The MIT Sloan Executive MBA Law Elective

During the January 2017 Mid-Career Electives Week, I will be offering 15.S25, "The Law and Tough Calls"

This course will meet on Friday and Saturday, January 13-14.

The course description is set out below: 

 

15.S25 -- The Law and “Tough Calls”

In any organization in the US, certain consequential and complex law-sensitive problems typically get “kicked upstairs.” There are multiple reasons for this: the need for adept and mature judgment because our legal system can be very harsh on a fumbled response; the fact that often only senior managers have a close relationship with legal advisors; and sometimes because the law is explicit that senior management is where accountability comes to rests – it is “where the buck stops.”  Participants in our mid-career programs have advanced in their careers to where they will often face responsibility for these law-related “tough calls.” 

Moreover, recent political events suggest (at least to this instructor) that we here at Sloan have underestimated the extent to which what might be called the “social contract” as it relates to work is under stress.  Some of the “tough calls” to be discussed in this course will be seen by some as having a bearing on those concerns. 

The instructor is a lawyer.  The managerial problems upon which we will focus are all law-sensitive, and we will begin the exploration of each with an outline of the legal framework.  But the issues we consider will all be ones for which the law does not provide a clear or complete answer, and in this class –  as in the outside world – a manager will need to make a more complex decision than whether and how to obey the law.  The solutions available to the manager will take shape “in the shadow of the law” but will also draw on other considerations, including the values of the organization; the manager’s own values, principles and ethics; the manager’s view of the right balance of competing loyalties among different stakeholders; and the manager’s view of the right weight to give to self-interest.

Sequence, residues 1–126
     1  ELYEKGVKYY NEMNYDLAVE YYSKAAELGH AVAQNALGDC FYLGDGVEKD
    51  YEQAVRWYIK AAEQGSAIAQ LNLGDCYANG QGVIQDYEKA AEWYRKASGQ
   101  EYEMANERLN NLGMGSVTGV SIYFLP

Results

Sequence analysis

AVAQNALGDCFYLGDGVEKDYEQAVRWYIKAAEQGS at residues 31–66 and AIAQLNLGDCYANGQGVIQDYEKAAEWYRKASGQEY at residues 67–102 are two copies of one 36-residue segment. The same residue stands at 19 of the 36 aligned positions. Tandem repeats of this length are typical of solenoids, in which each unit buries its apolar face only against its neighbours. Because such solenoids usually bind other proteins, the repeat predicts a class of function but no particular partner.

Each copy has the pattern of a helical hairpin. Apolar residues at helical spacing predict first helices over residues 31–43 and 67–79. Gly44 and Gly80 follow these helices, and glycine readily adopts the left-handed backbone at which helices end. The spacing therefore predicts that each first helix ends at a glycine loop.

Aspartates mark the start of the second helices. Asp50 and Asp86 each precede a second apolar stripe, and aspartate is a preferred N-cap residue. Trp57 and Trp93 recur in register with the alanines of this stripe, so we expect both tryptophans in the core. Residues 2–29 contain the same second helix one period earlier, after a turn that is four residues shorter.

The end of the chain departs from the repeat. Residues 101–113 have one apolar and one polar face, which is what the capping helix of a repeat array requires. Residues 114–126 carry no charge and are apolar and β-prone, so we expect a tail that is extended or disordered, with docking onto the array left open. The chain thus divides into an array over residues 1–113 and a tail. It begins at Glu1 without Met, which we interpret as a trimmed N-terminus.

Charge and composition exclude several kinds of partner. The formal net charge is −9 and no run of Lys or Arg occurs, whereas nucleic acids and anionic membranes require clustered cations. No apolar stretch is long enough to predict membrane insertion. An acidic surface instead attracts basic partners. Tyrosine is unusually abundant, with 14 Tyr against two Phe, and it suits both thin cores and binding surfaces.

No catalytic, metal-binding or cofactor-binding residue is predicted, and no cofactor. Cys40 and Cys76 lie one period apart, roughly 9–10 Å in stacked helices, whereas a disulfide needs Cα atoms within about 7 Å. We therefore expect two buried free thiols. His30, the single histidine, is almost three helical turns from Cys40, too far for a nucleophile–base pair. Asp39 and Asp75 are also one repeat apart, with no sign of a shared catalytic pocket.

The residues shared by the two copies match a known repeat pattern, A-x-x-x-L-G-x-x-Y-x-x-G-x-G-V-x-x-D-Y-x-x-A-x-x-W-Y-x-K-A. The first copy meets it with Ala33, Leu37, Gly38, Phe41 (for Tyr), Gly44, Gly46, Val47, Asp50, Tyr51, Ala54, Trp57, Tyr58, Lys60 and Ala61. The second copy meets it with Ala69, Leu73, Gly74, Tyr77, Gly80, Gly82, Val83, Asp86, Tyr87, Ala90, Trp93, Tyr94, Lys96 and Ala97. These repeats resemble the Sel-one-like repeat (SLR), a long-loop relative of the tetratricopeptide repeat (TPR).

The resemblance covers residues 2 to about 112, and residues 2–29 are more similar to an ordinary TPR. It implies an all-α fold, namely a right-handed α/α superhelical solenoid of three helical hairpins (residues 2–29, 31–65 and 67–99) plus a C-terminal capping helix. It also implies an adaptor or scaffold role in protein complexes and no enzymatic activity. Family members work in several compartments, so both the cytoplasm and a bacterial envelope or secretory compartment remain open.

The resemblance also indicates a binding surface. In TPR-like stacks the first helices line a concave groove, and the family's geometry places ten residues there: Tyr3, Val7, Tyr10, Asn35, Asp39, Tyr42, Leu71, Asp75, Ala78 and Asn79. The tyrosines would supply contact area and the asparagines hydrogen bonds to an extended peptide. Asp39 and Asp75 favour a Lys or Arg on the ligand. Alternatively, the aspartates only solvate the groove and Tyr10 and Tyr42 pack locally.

The course will focus on concrete, realistic scenarios and cases.  We will draw heavily on class discussion and the personal experiences of our mid-careers.  Some examples of the kinds of situations upon which we will focus: managing in a crisis; the limits of hard bargaining; “fighting fair” in adversarial circumstances; balancing loyalties when a senior manager leaves a company for a competitor; the risks of “trusting” relationships in the markets for complex financial products; managing the sharp legal and cultural disparities that can arise in cross-border transactions around practices such as corruption; and managing personnel decisions that have important implications for a firm’s view of its relationship to its rank-and-file employees or to a firm’s approach to diversity.   

Our discussions will typically begin with the US, but always with the addition of a comparative transnational perspective.

                                                                                            (last revised 12/11/16)